On September 21, 1991, Armenia Chose The Road Towards An Independent Statehood

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In the early spring of 1991, Michael Gorbachov, the first and last president of the Soviet Union was making a last attempt to prevent the inevitable death of the empire. On March 17 a referendum was held on preserving the Soviet Union. Approximately three quarter of the population voted for the continuation of the Soviet country. Armenia, together with five other states: Georgia, Moldova, Latvia, Lithuania and Estonia boycotted the referendum. On March 1 the Supreme Council of Armenia refused to hold the referendum in its territory and decided to hold its own referendum on independence six months later.

On August 23, 1990, the Supreme Council had already accepted the Declaration of Independence, by which the new and no longer Communist authorities of Armenia had chosen the path of creating a free and independent state. The document was signed by Levon Ter-Petrossian, the President at the time of the Supreme Council. Aram Manukian, a Member of the Parliament and ruling elite read the text for the very first time.

“To date that document is politically untouchable, legally exceptional and not a single political power casts doubts on that document. It is a document from the romantic period, but the pragmatism and realism is deep”, Manukian remembers proudly, years later.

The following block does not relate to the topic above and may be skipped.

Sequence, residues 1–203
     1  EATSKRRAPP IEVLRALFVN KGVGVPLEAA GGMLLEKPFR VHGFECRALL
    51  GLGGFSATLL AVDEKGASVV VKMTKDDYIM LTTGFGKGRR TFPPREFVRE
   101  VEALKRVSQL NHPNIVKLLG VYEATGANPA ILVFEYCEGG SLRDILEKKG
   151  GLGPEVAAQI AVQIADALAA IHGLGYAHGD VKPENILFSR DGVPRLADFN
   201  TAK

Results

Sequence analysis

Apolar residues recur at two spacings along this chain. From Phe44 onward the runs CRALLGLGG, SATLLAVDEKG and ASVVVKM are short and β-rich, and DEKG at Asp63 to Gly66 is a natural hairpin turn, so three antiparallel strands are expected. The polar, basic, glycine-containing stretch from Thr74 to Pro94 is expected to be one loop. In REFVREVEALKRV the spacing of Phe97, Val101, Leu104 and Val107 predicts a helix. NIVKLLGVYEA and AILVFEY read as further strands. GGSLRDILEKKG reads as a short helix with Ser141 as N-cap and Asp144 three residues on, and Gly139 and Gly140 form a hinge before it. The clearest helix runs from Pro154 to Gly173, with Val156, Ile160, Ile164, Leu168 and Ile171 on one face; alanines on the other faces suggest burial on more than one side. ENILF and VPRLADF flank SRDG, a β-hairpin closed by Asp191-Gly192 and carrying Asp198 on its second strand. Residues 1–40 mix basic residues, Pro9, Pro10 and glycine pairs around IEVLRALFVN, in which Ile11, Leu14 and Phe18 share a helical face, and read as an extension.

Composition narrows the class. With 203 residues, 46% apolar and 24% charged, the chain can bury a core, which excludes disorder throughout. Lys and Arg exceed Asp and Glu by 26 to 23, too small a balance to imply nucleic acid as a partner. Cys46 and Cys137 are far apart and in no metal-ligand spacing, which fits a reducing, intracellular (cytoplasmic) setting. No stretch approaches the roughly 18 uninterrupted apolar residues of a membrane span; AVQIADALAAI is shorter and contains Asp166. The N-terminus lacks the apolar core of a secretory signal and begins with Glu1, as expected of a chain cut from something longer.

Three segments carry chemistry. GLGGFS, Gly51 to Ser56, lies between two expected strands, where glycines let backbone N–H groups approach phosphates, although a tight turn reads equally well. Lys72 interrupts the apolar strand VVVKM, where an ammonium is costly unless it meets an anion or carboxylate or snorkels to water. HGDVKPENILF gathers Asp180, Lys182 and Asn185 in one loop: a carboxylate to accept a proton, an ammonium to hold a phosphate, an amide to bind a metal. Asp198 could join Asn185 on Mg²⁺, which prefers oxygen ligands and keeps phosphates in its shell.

The inevitability of the Soviet Union’s collapse was obvious to the Armenian authorities. After the referendum, the sick empire survived for only another 16 months. The economy was in an awful state, the decentralizing forces had expanded and uncontrollable processes, which accelerated the collapse of the empire, were taking place.

In his famous “It is time to jump off the train” article Vazgen Manukian, the Armenian National Movement ideologist, wrote “If an attempt is made to halt the processes in the country, then after a short time it will inevitably bring chaos and explosion and the Empire will collapse even faster. In that scenario, we are in danger of remaining under the ruins of the empire. It is preferable to approach that destruction as an independent state, recognized by the rest of the states of the world, and not as a result of such an explosion.”

During those years the majority of Armenia’s citizens could not even imagine that it was possible to live independent of Russia and blockaded by an enemy country such as Turkey. If you asked people what should not be done in the first place, they would answer, “not become independent from the Soviet Union”. However, the issue was not whether or not Armenia wanted that independence. The issue was that independence was going to become inevitable; that independence was going to knock on our door and we should be ready to accept it.

Vazgen Manukian and Levon Ter-Petrossian, who in 1990 occupied the posts of Prime Minister and President of the Supreme Council respectively, insisted that the Armenian nation should only rely on its own powers in order to achieve its national aspirations. They considered the points of view of those figures who believed Armenia could only preserve itself under the shelter of a strong state, being surrounded by enemy nations of another faith, as politically bankrupt and dangerous.